Miller v. NORFOLK SOUTHERN RAILWAY COMPANYAnnotate this Case
83 S.E.2d 533 (1954)
240 N.C. 617
Ralph E. MILLER, v. NORFOLK SOUTHERN RAILWAY COMPANY.
Supreme Court of North Carolina.
September 22, 1954.
*534 Chas. E. Johnson, Hartford, John H. Hall, Elizabeth City, for plaintiff, appellee.
Wilson & Wilson, Elizabeth City, for defendant, appellant.
In this case the rules of liability and recovery are governed by the provisions of an Act of Congress known as the Federal Employer's Liability Act, 45 U.S. C.A. § 51 et seq. When a case is brought under this Act in the State courts, matters of procedure, such as the judge's charge, are governed by rules of the North Carolina courts.
Numerous exceptive assignments of error appear in the record and are discussed in the briefs. In our view, it is necessary to consider only one, Assignment of Error No. 17, based on Exception No. 17. This assignment and exception challenge the correctness of that part of His Honor's charge as follows: "Now there are certain duties which a corporation, as is this defendant, owes to its employees, one of which is: They should provide them with a fit and suitable place in which to work; and another is: They should supply them with reasonable assistance in the performance of a duty which requires (remember that word, gentlemen, Requires) assistance of others in the safe performance of their duties; in other words, that the job in question should not be what is known as `undermanned' (u-n-d-e-r-m-a-n-n-e-d-); and if it requires more than one person for the safe performance of a certain duty, such as the one in question in this case, and the defendant has available persons who could have been called in for that assistance, and failed to do so, they would be liable in damages if their failure so to do was the proximate cause of the injury complained of."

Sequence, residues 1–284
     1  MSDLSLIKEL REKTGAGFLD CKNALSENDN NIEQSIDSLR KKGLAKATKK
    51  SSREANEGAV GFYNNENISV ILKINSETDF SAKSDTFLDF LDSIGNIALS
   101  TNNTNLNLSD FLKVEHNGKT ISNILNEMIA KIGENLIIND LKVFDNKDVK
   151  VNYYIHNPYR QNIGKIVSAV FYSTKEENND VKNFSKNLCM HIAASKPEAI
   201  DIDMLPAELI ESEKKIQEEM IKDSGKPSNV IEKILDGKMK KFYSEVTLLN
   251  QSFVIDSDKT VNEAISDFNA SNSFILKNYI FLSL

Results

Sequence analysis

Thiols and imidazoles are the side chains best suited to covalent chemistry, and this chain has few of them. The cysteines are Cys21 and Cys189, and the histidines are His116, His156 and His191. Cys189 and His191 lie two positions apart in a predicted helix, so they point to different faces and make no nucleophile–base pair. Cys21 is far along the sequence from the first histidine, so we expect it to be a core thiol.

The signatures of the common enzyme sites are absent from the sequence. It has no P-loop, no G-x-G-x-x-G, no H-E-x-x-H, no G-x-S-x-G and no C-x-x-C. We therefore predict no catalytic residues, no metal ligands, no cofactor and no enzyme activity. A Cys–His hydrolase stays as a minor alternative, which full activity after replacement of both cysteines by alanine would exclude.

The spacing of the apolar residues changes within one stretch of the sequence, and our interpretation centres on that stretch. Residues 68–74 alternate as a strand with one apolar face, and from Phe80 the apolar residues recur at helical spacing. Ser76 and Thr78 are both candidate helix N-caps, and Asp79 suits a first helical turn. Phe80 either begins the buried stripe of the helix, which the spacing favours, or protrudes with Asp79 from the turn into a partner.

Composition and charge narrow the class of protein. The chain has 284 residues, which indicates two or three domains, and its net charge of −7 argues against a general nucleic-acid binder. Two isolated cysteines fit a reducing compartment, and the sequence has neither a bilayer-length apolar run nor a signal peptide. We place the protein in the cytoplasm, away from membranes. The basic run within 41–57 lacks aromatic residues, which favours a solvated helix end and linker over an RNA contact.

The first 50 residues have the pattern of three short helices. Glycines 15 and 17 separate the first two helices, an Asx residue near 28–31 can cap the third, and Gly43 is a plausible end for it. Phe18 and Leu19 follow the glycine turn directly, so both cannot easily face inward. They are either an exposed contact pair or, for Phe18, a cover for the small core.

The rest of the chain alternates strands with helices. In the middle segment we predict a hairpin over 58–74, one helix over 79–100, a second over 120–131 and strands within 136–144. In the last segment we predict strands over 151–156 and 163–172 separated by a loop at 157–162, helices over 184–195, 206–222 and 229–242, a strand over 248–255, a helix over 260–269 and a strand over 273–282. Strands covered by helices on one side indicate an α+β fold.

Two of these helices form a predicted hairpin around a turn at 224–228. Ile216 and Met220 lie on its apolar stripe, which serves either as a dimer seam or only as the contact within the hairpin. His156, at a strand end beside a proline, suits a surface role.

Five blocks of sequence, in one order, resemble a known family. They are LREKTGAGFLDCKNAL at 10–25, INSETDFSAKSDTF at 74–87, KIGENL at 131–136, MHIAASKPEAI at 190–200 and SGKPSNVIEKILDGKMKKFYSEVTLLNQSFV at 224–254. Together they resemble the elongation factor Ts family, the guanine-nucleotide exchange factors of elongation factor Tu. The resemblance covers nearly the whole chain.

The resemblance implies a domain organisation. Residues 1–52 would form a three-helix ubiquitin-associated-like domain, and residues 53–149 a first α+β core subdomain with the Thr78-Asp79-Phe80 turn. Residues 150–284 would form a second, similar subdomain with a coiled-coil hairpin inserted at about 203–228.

The noxious part of the charge is contained in the phrase, "such as the one in question in this case." Whether the judge intended the jury to understand the phrase, such as the one in question in this case, related to and qualified it (which referred to the job) or whether it was intended to relate to and qualify the word "duty," is not clear. If the phrase related to the job, as we are constrained to believe it did, it was equivalent to saying to the jury the job required more than one man. Duty was not at issue, it was not "in question." The law fixed the duty. The question at issue was whether the job required more than one man. What the judge said was equivalent to an expression of opinion that the job required more than one man, or at least that was the probable effect on the jury. That the expression was an inadvertence *535 on the part of a careful and painstaking judge renders the error none the less harmful. Both the statute, G.S. § 1-180, and the decisions that help to fill the books are to the effect that a judge is not permitted even to intimate to the jury whether, in his opinion, an essential fact in a case has or has not been proved.
For the error committed in the charge, there must be a